Figure 4: Sample results from filtering with a comparison operator and a logical operator

Let’s look at a more complex example that combines multiple comparison and logical operators. Suppose you want to see all the stored procedure objects whose names begin with sp. You also want to see all the stored procedure objects that were created in the year 2000. To get this data, you can run the query

SELECT name AS 'ObjectName',
 type AS 'ObjectType',
 crdate AS 'CreationDate'
 FROM sysobjects
 WHERE (type = 'P' AND
  name LIKE 'sp%')
  OR (crdate
  BETWEEN '2000-01-01'
  AND '2000-12-31')

The first component—(type = ‘P’ AND name LIKE ‘sp%’)—selects only those objects that are stored procedures (type = ‘P’) and have names beginning with sp (name LIKE ‘sp%’). The second component—(crdate BETWEEN ‘2000-01-01’ AND ‘2000-12-31’)—selects any object that was created between January 1, 2000, and December 31, 2000. Note that parentheses separate these two components, which are part of a large OR operation. The parentheses indicate which logical operators to evaluate first. Figure 5 shows sample results from this query. If you execute this query, consider running it against one of your own databases so that the results will be more meaningful to you.

Figure 5: Sample results from filtering with multiple comparison and logical operators

Sorting Results with ORDER BY

Besides using a WHERE clause in a SELECT statement to filter results, you can use an ORDER BY clause to sort results. By default, results are sorted in ascending order (i.e., lowest value to highest value). If you want the results sorted in descending order (i.e., highest value to lowest value), you must specify the keyword DESC. Optionally, you can use the keyword ASC to explicitly specify that you want the results sorted in ascending order.

For example, suppose you want a query’s returned objects to be sorted alphabetically by object type, then by their creation date, with the most recent date first. The query would look like

SELECT name AS 'ObjectName',
 type AS 'ObjectType',
 crdate AS 'CreationDate'
 FROM sysobjects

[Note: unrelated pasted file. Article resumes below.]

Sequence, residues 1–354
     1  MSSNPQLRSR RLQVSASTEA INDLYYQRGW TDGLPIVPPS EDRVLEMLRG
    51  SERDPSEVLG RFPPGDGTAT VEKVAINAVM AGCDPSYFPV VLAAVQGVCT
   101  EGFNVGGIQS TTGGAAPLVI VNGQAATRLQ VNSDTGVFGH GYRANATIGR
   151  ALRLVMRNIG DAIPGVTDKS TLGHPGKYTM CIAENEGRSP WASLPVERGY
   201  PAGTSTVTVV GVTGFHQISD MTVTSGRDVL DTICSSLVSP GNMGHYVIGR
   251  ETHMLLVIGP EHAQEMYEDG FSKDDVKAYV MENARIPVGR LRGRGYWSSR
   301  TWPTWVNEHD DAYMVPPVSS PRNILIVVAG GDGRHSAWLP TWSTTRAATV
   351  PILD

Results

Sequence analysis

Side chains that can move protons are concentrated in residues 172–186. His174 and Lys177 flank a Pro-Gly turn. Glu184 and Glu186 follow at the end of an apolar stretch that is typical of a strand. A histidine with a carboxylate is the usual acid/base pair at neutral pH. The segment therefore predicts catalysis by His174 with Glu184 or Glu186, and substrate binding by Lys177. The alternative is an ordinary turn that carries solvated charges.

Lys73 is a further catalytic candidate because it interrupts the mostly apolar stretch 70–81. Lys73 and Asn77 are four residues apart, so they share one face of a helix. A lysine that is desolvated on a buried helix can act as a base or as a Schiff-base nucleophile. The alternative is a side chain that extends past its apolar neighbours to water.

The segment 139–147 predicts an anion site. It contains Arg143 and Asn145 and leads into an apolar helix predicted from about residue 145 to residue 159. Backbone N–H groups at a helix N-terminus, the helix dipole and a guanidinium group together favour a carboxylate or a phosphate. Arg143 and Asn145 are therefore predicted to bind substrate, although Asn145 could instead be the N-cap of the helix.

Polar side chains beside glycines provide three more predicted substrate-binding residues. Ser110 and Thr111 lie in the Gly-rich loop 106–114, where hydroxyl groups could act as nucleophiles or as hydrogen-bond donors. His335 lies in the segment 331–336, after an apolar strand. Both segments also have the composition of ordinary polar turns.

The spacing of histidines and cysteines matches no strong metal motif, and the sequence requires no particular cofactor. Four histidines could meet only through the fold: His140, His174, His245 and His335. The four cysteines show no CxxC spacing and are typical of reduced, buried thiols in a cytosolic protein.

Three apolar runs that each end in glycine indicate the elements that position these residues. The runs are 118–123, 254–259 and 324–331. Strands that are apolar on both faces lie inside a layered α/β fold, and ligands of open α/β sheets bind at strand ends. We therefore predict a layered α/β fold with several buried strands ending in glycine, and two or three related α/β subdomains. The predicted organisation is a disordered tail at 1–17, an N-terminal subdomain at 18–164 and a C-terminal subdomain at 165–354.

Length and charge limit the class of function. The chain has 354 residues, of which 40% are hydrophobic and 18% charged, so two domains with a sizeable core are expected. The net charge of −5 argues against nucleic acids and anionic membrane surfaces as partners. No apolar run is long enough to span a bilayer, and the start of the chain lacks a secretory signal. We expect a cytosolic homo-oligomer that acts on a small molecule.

ORDER BY type ASC,
  crdate DESC

and the result set would look like that in Figure 6.

Figure 6: Sample results in which the objects are sorted

You shouldn’t use the ORDER BY clause in views, derived tables, inline functions, and subqueries, unless you also use the TOP command. Otherwise, you might get an error message. (If you’d like to know why the sometimes error occurs, see the Microsoft article at support.microsoft.com/kb/841845.)

Limiting Results with TOP

To reduce strain on the server and network resources (not to mention your own workstation), you should limit the number of rows returned in a result set, especially if you’re querying a large database just to explore it. You can use the TOP command to limit result sets. For example, the query

SELECT TOP (5)
 type AS 'ObjectType',
 crdate AS 'CreationDate'
 FROM sysobjects
 ORDER BY crdate DESC

displays the first 5 rows returned by the ORDER BY operation. Alternatively, you can have the TOP command return a percentage of rows. For example, if you want to display the top 5 percent of the rows returned by the ORDER BY operation, you’d use the query

SELECT TOP (5) PERCENT
 type AS 'ObjectType',
 crdate AS 'CreationDate'
 FROM sysobjects
 ORDER BY crdate DESC

The Basics Revealed

In this lesson, I covered the basic components in a simple SELECT statement. You learned how to specify the columns that contain the data you need and how to specify the table containing those columns. You also learned how to order and rename columns and how to filter and sort results. Armed with this information, you’re ready to write your own queries and explore your own databases. Be careful, though, when querying that table with 100 million+ rows. If you don’t remember to limit the number of returned rows like you learned to do, you’ll find yourself under the watchful eye of the friendly neighborhood DBA.